Brooklyn Boro

One in eight Brooklyn residents are food insecure

November 27, 2013 Brooklyn Daily Eagle
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Despite record stock market highs, one in six New York City residents still face food insecurity and hunger, and one in seven Brooklyn children in are food insecure. In addition, 12 percent – one in eight – of Brooklyn residents lived in food insecure households in 2010-2012. The new report – “Superstorm of Hunger: Lingering Shortfalls Expose a Tale of Two Food Cities” – demonstrates how the economic downturn, coupled with Superstorm Sandy, merely exposed and exacerbated the city’s already extensive poverty and hunger. The NYC Coalition Against Hunger unveiled Brooklyn specific findings today at Bed Stuy Campaign Against Hunger.

In the 2010-2012 time period – between 1.3 and 1.4 million New York City residents – including one in five of the city’s children – lived in households that lacked sufficient food. Food insecurity increased by a minimum of 200,000 since the 2006-2008 time frame. These hunger statistics do not yet reflect the impact of the recent large-scale cuts in SNAP (food stamps).

In Brooklyn, 50 percent of feeding agencies reported not having enough food to meet current demand while nearly 92 percent of responding agencies reported an increase in the number of people they served over the past year.

“The economic downturn and Superstorm Sandy ripped the bandages off the festering wounds of hunger and poverty in New York City,” said Joel Berg, executive director of the Coalition. “Low-income people especially faced a tidal wave of pain. Now that the official recession is over and the flood waters have receded, we can clearly see that New York is still suffering from a tale of two food cities.”  

Councilmember Letitia James said, “Today, 70% of New York’s low-income households with children have difficulty affording food, and 20% of our children rely on soup kitchens and food pantries to supplement meals. Food insecurity continues to be a major concern throughout our city, and access to SNAP, food pantries and soup kitchens, tiered food cooperatives, school breakfast programs, and free youth summer lunches is more vital now that ever. I look forward to working with the New York City Coalition Against Hunger to address food insecurity and hardship in our most needy communities.”

“What we’re seeing at the Bed-Stuy Campaign Against Hunger since Nov. 1 is families are coming to us for food who have not visited us in the last 2-3 years.” Dr. Melony Samuels, Executive Director, Bed-Stuy Campaign Against Hunger, Brooklyn, NY

New York City’s food pantries and soup kitchens faced an increased demand of 10 percent in 2013, on top of increases of five percent in 2012, 12 percent in 2011, seven percent in 2010, and 29 percent in 2009. Nearly 60 percent of the agencies citywide, and all the agencies in Staten Island, reported that the aftermath of Superstorm Sandy was either the top factor or one contributing factor in the increased need for food by their clients.

“The effects of the economic downturn continue to ripple throughout New York City’s communities. We see it in the lines at local food pantries—lines that continue to grow, even as funding diminishes. We have an obligation to protect our most vulnerable citizens. In one of the wealthiest cities in the world, no child, no senior citizen, no New Yorker should have to worry about going to bed hungry.” – Councilmember Steven Levin, 33rd Council District.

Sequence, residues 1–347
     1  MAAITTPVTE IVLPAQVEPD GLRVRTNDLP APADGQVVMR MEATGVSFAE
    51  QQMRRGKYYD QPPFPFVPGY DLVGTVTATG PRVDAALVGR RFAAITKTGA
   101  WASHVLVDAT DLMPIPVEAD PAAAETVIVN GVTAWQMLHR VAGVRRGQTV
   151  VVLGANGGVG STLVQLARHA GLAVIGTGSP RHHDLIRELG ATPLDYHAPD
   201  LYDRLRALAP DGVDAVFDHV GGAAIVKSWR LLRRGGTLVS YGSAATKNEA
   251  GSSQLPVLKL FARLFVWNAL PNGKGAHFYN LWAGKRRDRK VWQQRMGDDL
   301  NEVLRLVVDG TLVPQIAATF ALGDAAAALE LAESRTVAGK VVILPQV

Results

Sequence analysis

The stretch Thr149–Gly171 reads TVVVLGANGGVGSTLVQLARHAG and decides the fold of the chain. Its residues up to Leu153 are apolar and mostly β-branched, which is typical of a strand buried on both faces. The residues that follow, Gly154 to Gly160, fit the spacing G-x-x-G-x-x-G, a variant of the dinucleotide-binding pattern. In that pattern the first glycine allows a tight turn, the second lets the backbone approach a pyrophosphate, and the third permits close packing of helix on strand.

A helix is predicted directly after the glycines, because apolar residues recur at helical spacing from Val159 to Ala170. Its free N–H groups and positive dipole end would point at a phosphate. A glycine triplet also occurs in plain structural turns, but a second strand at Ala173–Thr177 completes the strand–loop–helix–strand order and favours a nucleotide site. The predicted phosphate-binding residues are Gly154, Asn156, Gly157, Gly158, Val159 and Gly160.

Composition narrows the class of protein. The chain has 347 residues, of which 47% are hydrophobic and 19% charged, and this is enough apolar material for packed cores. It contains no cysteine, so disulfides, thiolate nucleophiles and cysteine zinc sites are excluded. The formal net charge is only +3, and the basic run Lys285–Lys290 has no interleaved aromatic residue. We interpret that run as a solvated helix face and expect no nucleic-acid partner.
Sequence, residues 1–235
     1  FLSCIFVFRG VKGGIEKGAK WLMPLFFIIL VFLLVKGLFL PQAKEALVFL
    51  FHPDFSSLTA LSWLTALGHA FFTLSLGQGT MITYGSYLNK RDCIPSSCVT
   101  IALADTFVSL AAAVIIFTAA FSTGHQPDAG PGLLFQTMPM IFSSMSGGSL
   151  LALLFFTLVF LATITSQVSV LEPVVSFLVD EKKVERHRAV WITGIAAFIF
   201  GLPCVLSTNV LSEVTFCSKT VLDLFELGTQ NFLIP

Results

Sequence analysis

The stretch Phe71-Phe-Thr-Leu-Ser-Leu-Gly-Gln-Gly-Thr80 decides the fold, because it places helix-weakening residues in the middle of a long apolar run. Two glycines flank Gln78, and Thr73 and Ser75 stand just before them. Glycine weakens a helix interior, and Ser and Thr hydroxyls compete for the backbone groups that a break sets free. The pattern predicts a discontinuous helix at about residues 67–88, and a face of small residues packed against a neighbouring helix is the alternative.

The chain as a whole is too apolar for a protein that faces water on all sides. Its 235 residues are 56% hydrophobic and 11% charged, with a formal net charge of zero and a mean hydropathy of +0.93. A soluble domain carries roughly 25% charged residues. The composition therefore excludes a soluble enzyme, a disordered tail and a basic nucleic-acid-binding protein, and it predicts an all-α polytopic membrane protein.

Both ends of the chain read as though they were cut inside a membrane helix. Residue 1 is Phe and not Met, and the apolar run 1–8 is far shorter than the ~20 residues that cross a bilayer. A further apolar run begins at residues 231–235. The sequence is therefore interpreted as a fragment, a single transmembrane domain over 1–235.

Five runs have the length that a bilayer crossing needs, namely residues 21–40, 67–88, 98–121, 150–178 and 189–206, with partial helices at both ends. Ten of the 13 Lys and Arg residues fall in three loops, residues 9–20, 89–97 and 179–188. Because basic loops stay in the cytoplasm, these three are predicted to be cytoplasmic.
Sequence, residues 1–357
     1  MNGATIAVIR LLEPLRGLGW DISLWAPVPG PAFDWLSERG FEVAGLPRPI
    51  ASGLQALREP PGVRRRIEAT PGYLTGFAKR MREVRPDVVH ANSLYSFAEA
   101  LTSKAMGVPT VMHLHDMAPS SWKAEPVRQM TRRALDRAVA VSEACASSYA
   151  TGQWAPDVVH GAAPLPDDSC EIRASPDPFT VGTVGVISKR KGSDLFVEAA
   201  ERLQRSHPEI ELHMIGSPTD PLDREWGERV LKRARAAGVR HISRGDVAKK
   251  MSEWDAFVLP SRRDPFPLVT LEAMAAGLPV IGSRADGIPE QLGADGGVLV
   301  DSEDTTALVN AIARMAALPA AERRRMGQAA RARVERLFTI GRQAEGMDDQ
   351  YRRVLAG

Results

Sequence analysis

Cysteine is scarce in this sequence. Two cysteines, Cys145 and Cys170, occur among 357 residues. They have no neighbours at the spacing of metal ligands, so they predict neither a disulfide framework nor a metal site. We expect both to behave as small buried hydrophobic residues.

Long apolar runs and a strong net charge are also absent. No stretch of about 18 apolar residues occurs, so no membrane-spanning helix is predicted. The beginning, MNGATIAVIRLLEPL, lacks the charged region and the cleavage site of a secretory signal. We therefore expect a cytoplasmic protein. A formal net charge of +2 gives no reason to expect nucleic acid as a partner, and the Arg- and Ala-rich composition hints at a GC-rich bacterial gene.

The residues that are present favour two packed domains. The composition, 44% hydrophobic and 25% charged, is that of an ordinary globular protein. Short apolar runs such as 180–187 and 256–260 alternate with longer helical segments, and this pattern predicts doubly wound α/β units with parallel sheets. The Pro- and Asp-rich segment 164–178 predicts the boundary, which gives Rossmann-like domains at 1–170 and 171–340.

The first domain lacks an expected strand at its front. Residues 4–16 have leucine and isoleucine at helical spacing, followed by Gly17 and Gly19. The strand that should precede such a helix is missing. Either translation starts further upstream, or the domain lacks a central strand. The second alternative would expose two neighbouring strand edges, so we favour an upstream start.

Yet 57 percent of the pantries and kitchens citywide suffered from cuts in combined government and private resources, compared to only 11 percent that benefitted from increased resources.  Due to the federal sequestration and other cuts, the main source of federal operating funds for such agencies has been cut by nearly half since 2009.  Consequently, nearly half (45 percent) reported they lacked sufficient resources to meet the growing demand and nearly half (46 percent) said they were forced to turn people away, reduce the amount of food distributed per person, or limit their hours of operation because they lacked sufficient resources in 2013.

Continued Berg, “It is simply unconscionable that – at a time of record stock prices – the city’s pantries and kitchens are facing such deep budget cuts that half of them have to cut back on food for hungry New Yorkers. This data should provide federal, state, and city officials with a clarion call to significantly ramp up government efforts to combat poverty and hunger, such as universal pre-K.  If the City were to enact Mayor-elect de Blasio’s plan to slightly raise taxes on the wealthiest to pay for universal pre-K, not only would that decrease poverty in the long-term, it would also immediately reduce child hunger because pre-K programs provide nutritious meals funded by the federal government.”

The full report is available at

“Our tradition teaches that feeding the hungry is as hard for God as splitting the Red Sea. Hunger in NYC is no easy problem to fix, but if we come together we can make a monumental difference. Working together, we can part the seas of indifference and perform this miraculous task of ending hunger.” Rabbi Marc Katz, Congregation Beth Elohim.

“The SNAP cuts are cruel and unnecessary. The cuts hurt people very badly, and they hurt food retailers. Those who support the cuts violate the core principles of God’s will, and hurt local economies, too. The members of Congress who have voted for these cuts mistakenly believe that by taking from others, there will be more for themselves and their wealthy sponsors.  This is an immoral view, and bad economics.”  Rev. Robert Emerick, Good Shepherd RC Church, Bay Ridge.

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